Soldiers’ and Sailors’ Home Residents (1887-1916)

A huge “Thank You” goes to Laurel Treat for making these records available!  Only Illinois residents could order free copies of these records and since I was in California, I needed to find someone to help me, and Laurel kindly volunteered.  It took many months and many letters to request all of these records and then forward them to me.  I hope you will find this information useful.

“In 1885 the General Assembly created the Illinois Soldiers’ and Sailors’ Home at Quincy to provide subsistence and a home for honorably discharged and disabled veterans of the Mexican and Civil Wars.  In succeeding years Illinois veterans of all wars and veterans’ wives, mothers, and daughters became eligible for admission.  In 1973 the General Assembly changed the home’s name to the Illinois Veterans’ Home.  Since 1976 the Department of Veterans’ Affairs has administered the home.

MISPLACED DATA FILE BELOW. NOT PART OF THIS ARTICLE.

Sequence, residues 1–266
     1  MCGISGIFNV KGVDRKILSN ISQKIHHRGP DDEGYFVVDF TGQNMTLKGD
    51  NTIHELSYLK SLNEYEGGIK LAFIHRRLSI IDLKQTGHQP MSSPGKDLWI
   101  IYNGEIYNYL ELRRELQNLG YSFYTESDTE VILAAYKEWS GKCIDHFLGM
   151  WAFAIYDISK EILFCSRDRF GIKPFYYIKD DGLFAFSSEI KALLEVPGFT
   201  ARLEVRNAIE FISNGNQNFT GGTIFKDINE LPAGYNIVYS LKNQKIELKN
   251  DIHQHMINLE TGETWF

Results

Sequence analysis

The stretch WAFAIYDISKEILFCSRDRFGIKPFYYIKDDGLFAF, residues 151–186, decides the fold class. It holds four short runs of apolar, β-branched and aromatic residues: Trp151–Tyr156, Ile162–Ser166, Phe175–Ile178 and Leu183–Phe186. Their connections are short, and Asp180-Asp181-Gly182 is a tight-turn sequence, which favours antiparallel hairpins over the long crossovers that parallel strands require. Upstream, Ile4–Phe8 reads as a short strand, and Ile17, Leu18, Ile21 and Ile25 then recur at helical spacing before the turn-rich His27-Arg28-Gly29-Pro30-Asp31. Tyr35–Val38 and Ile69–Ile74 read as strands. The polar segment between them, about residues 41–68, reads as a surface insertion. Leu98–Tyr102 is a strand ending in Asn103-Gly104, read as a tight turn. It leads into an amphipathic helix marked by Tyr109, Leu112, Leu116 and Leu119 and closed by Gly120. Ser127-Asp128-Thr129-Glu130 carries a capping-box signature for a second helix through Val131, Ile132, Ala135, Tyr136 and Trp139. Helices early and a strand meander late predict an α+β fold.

Illinois State Archives.

Listed, below, are the residents from DeWitt County.  I will be adding the records in alphabetical order, but if you would like to request a record, just let me know and I will scan it for you right away.  You will need Adobe Acrobat Reader to view the pages.


Records of Soldiers’ and Sailors’ Home Residents (1887-1916)

The Decatur Review
October 31, 1913, Friday


The Soldiers' Home at Quincy, under Colonel John Andrew as superintendent, has become so attractive, according to an article in the Quincy Herald, that it is almost full to overflowing.  The state admits the wives of veterans and when a veteran dies at the home, his wife is permitted to stay on, but widows are not admitted.  He has opened five cottages in addition to the large buildings built for women, to accommodate veterans and their wives and still is unable to provide for more.  No more women can be admitted on account of lack of accommodations.  There are 1,500 people in the home, 200 more than were there last year and 235 are women.  Old soldiers are arriving in large numbers every day and soon there will not be sufficient room to accommodate more.